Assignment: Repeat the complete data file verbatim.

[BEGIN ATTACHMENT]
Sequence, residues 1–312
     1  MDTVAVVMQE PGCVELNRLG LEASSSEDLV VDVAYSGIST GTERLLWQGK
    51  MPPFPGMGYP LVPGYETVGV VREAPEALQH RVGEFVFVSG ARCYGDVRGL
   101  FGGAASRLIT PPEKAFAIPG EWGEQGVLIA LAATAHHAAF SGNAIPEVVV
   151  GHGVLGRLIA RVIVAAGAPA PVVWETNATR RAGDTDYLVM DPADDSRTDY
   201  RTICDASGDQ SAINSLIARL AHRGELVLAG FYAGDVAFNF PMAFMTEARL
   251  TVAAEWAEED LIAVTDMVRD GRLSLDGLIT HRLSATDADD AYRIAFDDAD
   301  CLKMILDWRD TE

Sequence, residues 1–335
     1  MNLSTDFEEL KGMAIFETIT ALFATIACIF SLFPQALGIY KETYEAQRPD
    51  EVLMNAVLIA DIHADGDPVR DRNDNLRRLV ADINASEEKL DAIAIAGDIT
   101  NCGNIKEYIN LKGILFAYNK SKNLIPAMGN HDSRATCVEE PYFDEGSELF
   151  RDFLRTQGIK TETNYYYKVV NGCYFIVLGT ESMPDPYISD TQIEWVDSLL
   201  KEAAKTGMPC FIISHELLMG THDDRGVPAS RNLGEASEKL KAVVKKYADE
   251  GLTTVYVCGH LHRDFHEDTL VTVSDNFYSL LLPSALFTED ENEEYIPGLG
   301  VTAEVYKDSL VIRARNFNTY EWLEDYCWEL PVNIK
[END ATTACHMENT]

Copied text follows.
Sequence, residues 1–312
     1  MDTVAVVMQE PGCVELNRLG LEASSSEDLV VDVAYSGIST GTERLLWQGK
    51  MPPFPGMGYP LVPGYETVGV VREAPEALQH RVGEFVFVSG ARCYGDVRGL
   101  FGGAASRLIT PPEKAFAIPG EWGEQGVLIA LAATAHHAAF SGNAIPEVVV
   151  GHGVLGRLIA RVIVAAGAPA PVVWETNATR RAGDTDYLVM DPADDSRTDY
   201  RTICDASGDQ SAINSLIARL AHRGELVLAG FYAGDVAFNF PMAFMTEARL
   251  TVAAEWAEED LIAVTDMVRD GRLSLDGLIT HRLSATDADD AYRIAFDDAD
   301  CLKMILDWRD TE

Sequence, residues 1–335
     1  MNLSTDFEEL KGMAIFETIT ALFATIACIF SLFPQALGIY KETYEAQRPD
    51  EVLMNAVLIA DIHADGDPVR DRNDNLRRLV ADINASEEKL DAIAIAGDIT
   101  NCGNIKEYIN LKGILFAYNK SKNLIPAMGN HDSRATCVEE PYFDEGSELF
   151  RDFLRTQGIK TETNYYYKVV NGCYFIVLGT ESMPDPYISD TQIEWVDSLL
   201  KEAAKTGMPC FIISHELLMG THDDRGVPAS RNLGEASEKL KAVVKKYADE
   251  GLTTVYVCGH LHRDFHEDTL VTVSDNFYSL LLPSALFTED ENEEYIPGLG
   301  VTAEVYKDSL VIRARNFNTY EWLEDYCWEL PVNIK